There is a need to focus on teachers’ quality, adequacy and competency in respect to their pedagogical practices and strategies and mastery of the curriculum and subject content (Stuart, 2004, Rodgers, 2001).
Ijaiya (1998) concurred and opined that improving the quality of the teaching force in schools is seen as the key to raising students’ achievement. Thus, raising educational standards should be the government’s number one priority.
Lassa (2000) claimed that education cannot be provided by just anybody, it requires a qualified and competent teacher who plans and delivers the lessons or instruction in such a way that objectives can be achieved.
An uncertified teacher cannot prepare students for WASCE/GCE because it is unlikely that they could pass. Owolabi (2007) stated that government should find all possible means to retain veteran and experienced teachers who are still willing to serve so that they can contribute their wealth of experience to improving the system.
Therefore, the kind of teachers trained and posted to schools may well determine what the next generation will be like and the level of students’ academic performance.
Adeniyi (2001) argued that the falling standards in Nigeria’s educational system can also be traced to cultural, religious, social, technological and above all economic reasons.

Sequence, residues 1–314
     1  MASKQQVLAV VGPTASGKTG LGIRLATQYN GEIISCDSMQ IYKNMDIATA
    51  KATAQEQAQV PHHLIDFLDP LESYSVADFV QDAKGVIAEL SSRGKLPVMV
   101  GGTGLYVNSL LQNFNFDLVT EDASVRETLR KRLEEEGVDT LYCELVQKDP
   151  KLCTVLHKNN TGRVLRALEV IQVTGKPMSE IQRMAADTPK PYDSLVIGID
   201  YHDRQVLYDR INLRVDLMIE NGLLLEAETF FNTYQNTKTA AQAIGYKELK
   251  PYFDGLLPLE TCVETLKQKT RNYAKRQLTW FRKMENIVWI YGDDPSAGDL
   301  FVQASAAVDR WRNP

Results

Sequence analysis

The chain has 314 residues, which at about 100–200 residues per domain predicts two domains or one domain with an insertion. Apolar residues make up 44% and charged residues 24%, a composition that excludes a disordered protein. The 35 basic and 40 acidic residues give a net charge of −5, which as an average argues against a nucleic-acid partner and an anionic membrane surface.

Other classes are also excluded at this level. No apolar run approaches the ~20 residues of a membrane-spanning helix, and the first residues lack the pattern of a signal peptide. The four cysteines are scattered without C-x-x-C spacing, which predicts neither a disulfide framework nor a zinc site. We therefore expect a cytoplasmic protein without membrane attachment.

Standard in this context is the degree of excellence required for a particular purpose; it is an accepted or approved example against which others are judged or measured.
However, this study takes another dimension with the main focus on the role of teachers and their influence on the quality of teaching and learning.
In addition, it has been alleged that what is wrong with secondary education cannot be fixed with teachers alone, yet there is no doubt that man’s contemporary existence is dominated by teaching.
There is also a universal recognition of the need to use professionally qualified teachers in instructional processes as an era of globalization where school effectiveness and quality improvement is the order of the day.
Up until now, Nigeria is on the wrong side of the international effort of secondary school reform movement.